Also known as: the Pleasures of Winter in Brussels. Brussels’s Christmas market… fair… light thing. I feel odd calling this one a “Christmas market,” even though Brussels does. This felt more like a carnival. Call it what you will; Brussels adds its own twists to the holiday market, creating a markedly different experience from the quaint-German-village equivalent.
Here are the highlights:
1. Riding the “Big Wheel” (€5/pp). I haven’t been on a Ferris wheel in ages! I loved the view over the city. I shivered in the crazy cold draft. I felt slightly afraid of heights.
2. Watching small children ride the two “Baroque Roundabouts,” the most imaginative carousels I’ve ever seen.
3. Warming up inside a chocolate shop/cafe until the sun began to set and the city’s lights came on.
4. The Electrabel Nights light show in the Grand Place. The Grand Place (Grote Markt) is one of the most impressive squares in Europe, and it was packed with people watching the musical light display after dark.
5. The Licht Stoet (light parade). This was a one-night event, not a nightly feature of the market. This year, it took place on 28 December and began in the Grand Place at 6PM. I’d highly suggest trying to line up your visit to catch this spectacle.
At 18:00 four giant white figures (two on high stilts—how they manage that on wintry cobblestones is beyond me; and two so large they’re pushed by a cart underneath the actor) emerged from the Town Hall. They were followed by several performers in light suits, and a brief light and pyrotechnic performance occurred (and was repeated I think at several places along the route).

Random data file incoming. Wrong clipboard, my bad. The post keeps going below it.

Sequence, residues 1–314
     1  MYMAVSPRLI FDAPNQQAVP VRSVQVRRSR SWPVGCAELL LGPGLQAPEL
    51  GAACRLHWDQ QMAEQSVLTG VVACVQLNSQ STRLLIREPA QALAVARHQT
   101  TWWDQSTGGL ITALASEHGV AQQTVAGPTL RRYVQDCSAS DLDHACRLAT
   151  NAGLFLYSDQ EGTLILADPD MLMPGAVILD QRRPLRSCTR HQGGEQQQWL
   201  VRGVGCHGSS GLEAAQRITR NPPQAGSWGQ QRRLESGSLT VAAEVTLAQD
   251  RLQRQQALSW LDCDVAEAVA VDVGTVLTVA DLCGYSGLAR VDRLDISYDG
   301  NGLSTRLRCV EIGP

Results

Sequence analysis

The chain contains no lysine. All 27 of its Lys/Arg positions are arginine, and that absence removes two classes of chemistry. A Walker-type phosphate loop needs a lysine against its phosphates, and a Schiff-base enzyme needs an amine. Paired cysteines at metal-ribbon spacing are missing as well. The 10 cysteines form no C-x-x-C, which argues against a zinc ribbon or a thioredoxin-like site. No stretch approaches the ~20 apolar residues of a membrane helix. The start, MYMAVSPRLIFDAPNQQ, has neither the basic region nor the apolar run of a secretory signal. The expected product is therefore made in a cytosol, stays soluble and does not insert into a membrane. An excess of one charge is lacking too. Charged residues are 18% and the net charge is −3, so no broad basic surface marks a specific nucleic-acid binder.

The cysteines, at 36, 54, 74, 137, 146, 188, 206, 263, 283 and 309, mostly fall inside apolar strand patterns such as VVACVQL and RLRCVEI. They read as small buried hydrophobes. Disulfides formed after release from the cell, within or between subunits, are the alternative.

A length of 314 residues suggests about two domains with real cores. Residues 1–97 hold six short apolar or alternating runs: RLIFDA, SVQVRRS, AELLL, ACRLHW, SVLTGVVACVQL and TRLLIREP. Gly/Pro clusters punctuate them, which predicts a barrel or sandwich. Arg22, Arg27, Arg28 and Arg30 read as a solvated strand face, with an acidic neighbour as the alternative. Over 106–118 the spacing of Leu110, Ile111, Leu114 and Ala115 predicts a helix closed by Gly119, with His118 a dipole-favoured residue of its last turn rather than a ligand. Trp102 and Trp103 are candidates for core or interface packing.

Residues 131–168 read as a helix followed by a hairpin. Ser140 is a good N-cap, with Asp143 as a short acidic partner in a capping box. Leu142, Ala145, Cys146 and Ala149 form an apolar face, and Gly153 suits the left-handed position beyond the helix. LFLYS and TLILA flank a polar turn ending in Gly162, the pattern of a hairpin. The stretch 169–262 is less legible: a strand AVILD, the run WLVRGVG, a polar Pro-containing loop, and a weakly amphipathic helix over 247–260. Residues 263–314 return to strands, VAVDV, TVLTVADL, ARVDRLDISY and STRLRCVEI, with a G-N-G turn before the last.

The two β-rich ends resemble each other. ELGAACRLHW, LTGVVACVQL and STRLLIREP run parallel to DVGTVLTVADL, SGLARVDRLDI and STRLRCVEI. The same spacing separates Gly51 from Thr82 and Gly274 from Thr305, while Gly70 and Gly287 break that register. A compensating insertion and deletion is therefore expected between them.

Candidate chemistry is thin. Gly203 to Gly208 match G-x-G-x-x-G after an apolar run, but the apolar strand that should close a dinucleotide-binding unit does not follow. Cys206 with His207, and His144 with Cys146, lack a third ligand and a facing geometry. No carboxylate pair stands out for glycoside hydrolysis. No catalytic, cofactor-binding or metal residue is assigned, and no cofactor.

We weren’t in an ideal viewing position when the show began, but then we got lucky and the police cleared a way for the parade that put us right in front.
Travel thoughts: We zipped down to Brussels via train (2 hours) just for the day, and found one long day was enough to see what we wanted to see. The beauty of the Christmas markets in the old European centers is that walking around and atmosphere are always free. The spiffy website for the Brussels market highlights a vast number of market stalls on the St. Catherine Place as well as clusters of stalls for “foodies.” We weren’t thrilled with either of these areas—not enough handmade goods; too many alcohol vendors (and I mean mixed drinks and shots and thumping club tunes, not cozy mugs of gluhwein). The website makes a couple of the carnival attractions (notably the kids’ sledding hill and the “Ice Monster”) look a lot more epic than they are in person. And we very much wanted to visit the “Micromarkt,” an artists’ market up past the Big Wheel on Quai a la Houille, but it wasn’t open that day. So if you go, go for the light show and the atmosphere around the Grand Place. Find a good restaurant beforehand so you don’t have to wander through the maze of the center wondering what’s good. We returned for the second time to Nuetnigenough, and loved it just as much as the first time. It’s a stone’s throw from the Grote Markt, delicious, decently priced. Make a reservation if you go: the space is tiny and the host was turning people away all night.